The Bomb (1954)
The artist works with colored pencils producing areas of glowing light and intricate networks of colored ribbons (one can imagine with what prolonged rubbings and scrubbings). At times he uses inks. On one paper he has hurled a pot of green ink and to this amorphous shape added a gleaming core and waving filaments. On another yellow ink is hurled on black paper, resulting in a horrendous anomaly of engulfing devastation. If one looks closely enough a witty parody of a well known painting, by an artist of prodigious reputation, may be described. –Margaret Breuning, Arts Digest 29, February 1, 1955, 22.
A post-script must be added about Dwight Ripley's colored drawings at the de Nagy Gallery, 206 East Fifty-third Street, collectively entitled "The Bomb." In these he dreams up witty visions of great cities after Armageddon, Pisa with its Cathedral leaning and the Tower knocked straight; Constantinople with Hagia Sophia sailing off on a carpet, etc. And in other pictures he assumes the needed role of modern art's jester. In these he is refreshingly impertinent. –Stuart Preston, The New York Times, January 15, 1955, 11.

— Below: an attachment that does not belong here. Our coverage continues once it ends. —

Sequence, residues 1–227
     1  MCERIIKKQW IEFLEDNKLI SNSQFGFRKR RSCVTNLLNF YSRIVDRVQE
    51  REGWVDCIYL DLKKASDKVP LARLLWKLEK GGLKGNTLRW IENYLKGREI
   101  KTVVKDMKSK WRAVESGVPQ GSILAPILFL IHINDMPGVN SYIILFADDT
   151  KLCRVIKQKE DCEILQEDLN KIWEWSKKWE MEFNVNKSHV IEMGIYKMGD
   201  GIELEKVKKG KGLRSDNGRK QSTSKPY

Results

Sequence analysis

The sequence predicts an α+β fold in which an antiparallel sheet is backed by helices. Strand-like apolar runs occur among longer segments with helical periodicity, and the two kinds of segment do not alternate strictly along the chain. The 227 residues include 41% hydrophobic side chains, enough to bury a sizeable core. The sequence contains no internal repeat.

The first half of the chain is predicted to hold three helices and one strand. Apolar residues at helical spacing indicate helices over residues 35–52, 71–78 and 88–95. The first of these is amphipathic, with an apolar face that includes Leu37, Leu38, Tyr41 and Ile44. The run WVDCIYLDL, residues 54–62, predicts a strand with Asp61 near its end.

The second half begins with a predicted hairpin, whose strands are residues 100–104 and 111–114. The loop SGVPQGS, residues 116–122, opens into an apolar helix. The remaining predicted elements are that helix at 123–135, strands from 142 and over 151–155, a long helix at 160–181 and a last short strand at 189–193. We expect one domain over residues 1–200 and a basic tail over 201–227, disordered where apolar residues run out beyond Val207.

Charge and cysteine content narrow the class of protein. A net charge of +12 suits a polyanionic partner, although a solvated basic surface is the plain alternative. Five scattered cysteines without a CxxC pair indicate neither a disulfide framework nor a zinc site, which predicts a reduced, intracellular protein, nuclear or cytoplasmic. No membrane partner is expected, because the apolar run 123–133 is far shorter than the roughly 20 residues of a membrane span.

Dwight Ripley was first shown by Peggy Guggenheim in the 'forties and has since had several exhibitions of drawings which spoof the conventions of the vanguard. This season Ripley, who also does research into the microscopics of botany, fixes his eye on an apocalyptic vision: "The Bomb." This is how the world explodes: first comes an invasion of wiggly clouds; they are the spores from the Mushroom. Behind them rises the flood, but it is a wishy-washy flood which has gingerly extracted skyscrapers and billboards from a recently horizontal metropolis. When Venice blows up it does so in a green squirt. Hagia Sophia withstands the blast; so does the unutterable Word of Peking; but off the Marshall Islands, fishy spines and sea monsters are drenched by a waterspout and the whale is sore afflicted. –Eleanor C. Munro, Art News 53, January 1955, 47.
The United States detonated the first hydrogen bomb at Eniwetok in 1952, the Soviet Union countered with a similar device the following year, and the U. S. secretary of State, John Foster Dulles, announced a policy of massive retaliation in 1954. At least three of the drawings Dwight made in that latter year featured exploding skyscrapers. I used to think these verged on trite. They since have become painful as well, which does not redeem them. One hurtling tower bears the name TIBOR DE ... The whole series, called "The Bomb," was exhibited at Tibor de Nagy Gallery in January, and at The Three Arts in February, 1955. –Douglas Crase, Both: A Portrait in Two Parts, 2004.